A study concluded at EpidStat Institute in November, 2016 found that consuming just one egg a day reduces risk of stroke by 12 percent. The study’s principal investigator, Epidemiologist Dr. Dominik Alexander, said: “Eggs do have many positive nutritional attributes, including antioxidants, which have been shown to reduce oxidative stress and inflammation. They are also an excellent source of protein, which has been related to lower blood pressure.”

U.S. scientists have found that, contrary to traditional perceptions acquired from decades of less rigorous research, consuming eggs had no association with coronary heart disease, which is on record as the leading cause of death worldwide.

©M-J de Mesterton 2017

M-J’s Article about Eggs, Published in 2010

Eggs don’t cause heart disease, as the medical industry previously believed. And here is more good news: a research team at Louisiana State University in Baton Rouge determined that women on a weight-loss regimen who ate an egg with toast and jelly each morning lost twice as many pounds as those who had a bagel breakfast with the same number of calories without the accompanying egg.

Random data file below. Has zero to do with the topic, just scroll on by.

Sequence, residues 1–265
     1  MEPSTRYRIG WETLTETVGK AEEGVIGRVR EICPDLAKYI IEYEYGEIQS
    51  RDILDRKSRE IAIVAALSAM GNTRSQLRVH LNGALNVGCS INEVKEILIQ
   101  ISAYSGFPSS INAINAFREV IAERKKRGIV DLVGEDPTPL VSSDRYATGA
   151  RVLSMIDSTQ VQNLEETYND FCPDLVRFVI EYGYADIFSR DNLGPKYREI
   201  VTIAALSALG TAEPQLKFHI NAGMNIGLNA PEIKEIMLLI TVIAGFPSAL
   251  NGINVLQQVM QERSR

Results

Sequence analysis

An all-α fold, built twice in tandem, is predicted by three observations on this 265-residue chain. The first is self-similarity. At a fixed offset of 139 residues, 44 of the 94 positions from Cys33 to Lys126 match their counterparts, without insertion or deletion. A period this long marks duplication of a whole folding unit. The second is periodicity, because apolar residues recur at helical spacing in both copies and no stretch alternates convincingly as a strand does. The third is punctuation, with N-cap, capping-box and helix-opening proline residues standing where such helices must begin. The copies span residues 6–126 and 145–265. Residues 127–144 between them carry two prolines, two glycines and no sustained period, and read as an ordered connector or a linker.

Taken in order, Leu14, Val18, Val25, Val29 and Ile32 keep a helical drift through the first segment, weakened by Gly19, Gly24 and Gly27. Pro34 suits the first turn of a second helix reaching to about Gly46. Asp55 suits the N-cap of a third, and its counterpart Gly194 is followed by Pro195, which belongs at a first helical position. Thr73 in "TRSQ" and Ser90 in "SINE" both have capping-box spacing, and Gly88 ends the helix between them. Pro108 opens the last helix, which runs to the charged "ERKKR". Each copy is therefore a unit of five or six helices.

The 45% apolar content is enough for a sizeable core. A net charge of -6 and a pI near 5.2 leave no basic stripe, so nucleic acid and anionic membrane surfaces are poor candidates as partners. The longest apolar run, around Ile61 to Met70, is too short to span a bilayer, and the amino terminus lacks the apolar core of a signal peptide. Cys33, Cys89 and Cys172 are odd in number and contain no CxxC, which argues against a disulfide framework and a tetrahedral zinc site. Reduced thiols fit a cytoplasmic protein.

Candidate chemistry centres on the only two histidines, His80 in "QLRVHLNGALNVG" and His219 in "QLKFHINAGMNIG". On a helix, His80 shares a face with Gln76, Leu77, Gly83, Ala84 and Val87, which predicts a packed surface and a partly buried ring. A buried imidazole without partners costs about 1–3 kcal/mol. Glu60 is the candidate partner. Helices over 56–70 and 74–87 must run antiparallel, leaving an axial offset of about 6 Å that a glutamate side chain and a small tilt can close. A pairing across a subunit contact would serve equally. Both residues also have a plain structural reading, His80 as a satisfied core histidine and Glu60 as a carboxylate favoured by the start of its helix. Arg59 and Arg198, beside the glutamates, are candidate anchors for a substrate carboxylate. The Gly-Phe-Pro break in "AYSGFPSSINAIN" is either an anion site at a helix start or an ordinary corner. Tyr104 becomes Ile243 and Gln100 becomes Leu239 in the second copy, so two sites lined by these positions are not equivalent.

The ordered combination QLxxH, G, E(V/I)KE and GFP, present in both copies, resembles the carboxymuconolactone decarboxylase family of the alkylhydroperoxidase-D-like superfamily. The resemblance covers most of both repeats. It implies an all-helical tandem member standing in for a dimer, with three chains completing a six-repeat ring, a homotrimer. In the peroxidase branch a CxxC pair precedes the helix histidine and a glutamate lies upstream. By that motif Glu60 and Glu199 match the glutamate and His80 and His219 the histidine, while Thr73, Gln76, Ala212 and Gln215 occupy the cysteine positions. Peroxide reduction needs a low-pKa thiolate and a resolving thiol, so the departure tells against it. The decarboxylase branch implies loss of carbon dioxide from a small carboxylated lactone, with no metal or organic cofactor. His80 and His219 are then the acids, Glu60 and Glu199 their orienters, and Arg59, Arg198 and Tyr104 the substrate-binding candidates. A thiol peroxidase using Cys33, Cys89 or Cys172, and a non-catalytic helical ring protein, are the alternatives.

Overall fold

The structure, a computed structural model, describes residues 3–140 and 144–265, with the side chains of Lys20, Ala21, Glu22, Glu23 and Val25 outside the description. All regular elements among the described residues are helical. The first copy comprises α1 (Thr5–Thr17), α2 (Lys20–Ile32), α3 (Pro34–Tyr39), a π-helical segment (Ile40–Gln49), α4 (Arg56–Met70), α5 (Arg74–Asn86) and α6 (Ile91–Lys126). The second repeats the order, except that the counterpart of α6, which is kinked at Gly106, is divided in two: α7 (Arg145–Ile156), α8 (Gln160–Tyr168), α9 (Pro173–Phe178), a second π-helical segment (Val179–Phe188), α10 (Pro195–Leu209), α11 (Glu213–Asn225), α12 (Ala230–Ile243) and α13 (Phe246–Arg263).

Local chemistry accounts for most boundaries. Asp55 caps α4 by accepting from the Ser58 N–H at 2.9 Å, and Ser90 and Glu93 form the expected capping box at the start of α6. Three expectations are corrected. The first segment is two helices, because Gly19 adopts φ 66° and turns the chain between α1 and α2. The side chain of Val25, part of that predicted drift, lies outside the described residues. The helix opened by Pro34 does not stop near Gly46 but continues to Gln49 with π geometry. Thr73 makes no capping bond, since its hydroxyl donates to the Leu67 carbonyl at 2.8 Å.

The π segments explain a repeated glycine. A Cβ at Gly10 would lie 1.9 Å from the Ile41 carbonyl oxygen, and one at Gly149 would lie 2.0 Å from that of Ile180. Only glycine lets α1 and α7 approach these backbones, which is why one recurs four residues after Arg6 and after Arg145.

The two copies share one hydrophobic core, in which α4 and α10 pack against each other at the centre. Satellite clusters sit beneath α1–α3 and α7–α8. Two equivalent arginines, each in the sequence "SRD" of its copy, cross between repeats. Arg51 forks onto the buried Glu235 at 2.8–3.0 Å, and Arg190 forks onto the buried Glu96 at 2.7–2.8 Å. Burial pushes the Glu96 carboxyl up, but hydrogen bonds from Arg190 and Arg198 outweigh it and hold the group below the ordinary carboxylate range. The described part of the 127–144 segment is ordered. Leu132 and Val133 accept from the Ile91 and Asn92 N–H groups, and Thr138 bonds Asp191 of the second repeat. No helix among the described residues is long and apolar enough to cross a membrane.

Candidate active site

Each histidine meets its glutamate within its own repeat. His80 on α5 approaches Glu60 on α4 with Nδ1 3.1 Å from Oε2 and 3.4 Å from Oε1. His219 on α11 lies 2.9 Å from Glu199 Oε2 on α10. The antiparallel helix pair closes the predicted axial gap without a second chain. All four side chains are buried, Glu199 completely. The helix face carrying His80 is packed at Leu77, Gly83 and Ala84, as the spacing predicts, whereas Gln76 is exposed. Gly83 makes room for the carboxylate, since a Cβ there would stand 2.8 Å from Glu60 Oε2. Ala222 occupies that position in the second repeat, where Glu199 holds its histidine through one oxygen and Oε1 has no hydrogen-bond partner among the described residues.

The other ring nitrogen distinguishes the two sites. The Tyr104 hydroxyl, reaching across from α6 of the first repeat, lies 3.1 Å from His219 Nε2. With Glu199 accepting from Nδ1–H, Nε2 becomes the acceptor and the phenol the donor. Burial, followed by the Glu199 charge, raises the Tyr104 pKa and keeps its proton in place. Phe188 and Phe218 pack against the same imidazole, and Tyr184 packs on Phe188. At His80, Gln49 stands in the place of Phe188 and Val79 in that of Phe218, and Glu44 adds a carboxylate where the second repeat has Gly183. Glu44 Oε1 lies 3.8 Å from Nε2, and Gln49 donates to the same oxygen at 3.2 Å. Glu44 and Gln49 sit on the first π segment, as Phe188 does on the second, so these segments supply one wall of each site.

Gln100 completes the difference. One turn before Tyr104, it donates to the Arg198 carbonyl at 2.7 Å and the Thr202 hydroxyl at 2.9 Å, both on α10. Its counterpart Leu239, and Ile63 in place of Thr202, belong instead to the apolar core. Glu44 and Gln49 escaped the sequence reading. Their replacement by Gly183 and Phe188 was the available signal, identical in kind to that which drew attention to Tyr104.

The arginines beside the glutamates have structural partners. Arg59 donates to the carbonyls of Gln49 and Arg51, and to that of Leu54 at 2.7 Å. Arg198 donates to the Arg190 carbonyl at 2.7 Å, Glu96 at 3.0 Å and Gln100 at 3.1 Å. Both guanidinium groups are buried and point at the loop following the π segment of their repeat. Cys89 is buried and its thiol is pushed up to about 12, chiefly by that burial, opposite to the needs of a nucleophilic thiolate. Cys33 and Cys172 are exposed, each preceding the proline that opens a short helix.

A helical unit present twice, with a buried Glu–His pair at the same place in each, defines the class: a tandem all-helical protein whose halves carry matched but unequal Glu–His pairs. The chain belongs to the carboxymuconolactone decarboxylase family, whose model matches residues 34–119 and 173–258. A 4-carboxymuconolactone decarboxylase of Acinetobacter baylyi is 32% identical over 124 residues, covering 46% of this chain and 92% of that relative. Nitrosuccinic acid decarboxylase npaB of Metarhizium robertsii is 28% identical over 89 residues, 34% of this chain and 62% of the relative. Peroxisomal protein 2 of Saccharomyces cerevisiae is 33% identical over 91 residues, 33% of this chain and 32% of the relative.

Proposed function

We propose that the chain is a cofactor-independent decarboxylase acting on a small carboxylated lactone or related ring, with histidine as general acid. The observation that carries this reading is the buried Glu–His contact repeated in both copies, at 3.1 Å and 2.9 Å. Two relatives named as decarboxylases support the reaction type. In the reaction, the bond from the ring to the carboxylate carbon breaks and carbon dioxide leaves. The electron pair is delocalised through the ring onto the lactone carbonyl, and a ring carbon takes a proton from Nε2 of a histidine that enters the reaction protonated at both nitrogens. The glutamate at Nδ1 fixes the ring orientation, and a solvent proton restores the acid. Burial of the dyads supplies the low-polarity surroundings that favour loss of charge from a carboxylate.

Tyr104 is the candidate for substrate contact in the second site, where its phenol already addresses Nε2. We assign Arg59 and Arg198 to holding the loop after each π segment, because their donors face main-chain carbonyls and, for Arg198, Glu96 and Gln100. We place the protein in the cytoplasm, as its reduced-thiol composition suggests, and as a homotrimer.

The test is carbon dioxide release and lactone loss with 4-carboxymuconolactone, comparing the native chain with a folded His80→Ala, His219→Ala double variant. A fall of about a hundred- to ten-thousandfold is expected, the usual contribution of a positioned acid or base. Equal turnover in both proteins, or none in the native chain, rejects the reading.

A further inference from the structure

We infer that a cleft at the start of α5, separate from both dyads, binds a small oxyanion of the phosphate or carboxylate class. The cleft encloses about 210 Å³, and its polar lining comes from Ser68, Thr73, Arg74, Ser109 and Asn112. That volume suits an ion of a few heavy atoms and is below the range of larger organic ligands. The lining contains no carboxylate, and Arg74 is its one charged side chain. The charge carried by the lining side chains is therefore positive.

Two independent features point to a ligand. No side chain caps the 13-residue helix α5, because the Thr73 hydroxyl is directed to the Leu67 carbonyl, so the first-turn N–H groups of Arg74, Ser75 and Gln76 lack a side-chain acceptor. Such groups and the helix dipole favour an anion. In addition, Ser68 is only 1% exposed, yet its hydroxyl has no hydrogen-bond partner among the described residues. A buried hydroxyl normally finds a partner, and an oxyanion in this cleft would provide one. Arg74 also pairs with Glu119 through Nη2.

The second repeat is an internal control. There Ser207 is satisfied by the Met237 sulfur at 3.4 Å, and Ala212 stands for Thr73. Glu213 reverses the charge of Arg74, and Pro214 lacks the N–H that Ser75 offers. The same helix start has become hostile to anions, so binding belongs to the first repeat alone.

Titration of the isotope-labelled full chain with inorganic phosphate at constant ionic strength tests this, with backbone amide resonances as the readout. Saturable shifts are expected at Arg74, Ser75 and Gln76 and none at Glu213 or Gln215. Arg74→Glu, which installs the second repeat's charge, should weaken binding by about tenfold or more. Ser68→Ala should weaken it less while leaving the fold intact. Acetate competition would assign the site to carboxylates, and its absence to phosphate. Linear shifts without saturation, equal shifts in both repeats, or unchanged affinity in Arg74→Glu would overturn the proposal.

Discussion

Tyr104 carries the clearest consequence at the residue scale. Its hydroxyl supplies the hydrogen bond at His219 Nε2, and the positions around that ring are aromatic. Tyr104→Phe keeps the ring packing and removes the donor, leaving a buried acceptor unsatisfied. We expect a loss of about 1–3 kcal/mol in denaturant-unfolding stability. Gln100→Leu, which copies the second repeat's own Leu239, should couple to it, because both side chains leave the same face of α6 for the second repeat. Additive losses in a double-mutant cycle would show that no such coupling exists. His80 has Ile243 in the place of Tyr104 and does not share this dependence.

Huevos (Eggs), by Spanish Court Painter Diego Velasquez

Eggs are nutritious, convenient, useful in thousands of recipes, and are a relatively inexpensive source of high-quality protein.

One large egg, which represents less than 4 percent of the total daily calorie intake of a person who consumes 2000 calories per day, provides 10 percent of the Daily Value for protein, 15 percent of the Daily Value for riboflavin, and 4 percent or more of the Daily Value for several other nutrients, including vitamins A, B6 and B12; folate; iron; phosphorus; and zinc. Eggs also provide choline, which is  essential in the human diet, and is credited for helping to create healthy babies during pregnancy. Because the percentage of the  recommended  daily amount for many nutrients provided by an egg is greater than the proportion of total calorie intake that the egg represents, the egg more than pulls its weight nutritionally. Most of the vitamins and minerals in eggs are found in the yolk; protein, however, is found in both the yolk and the white.

Recent research indicates that egg eaters are more likely than non-egg eaters to have diets that provide adequate amounts of essential nutrients. This seems to be partly due to the nutritional contribution of the eggs themselves and partly due to the fact that the inclusion of eggs in the diet is an indicator of a desirable eating pattern that includes breakfast.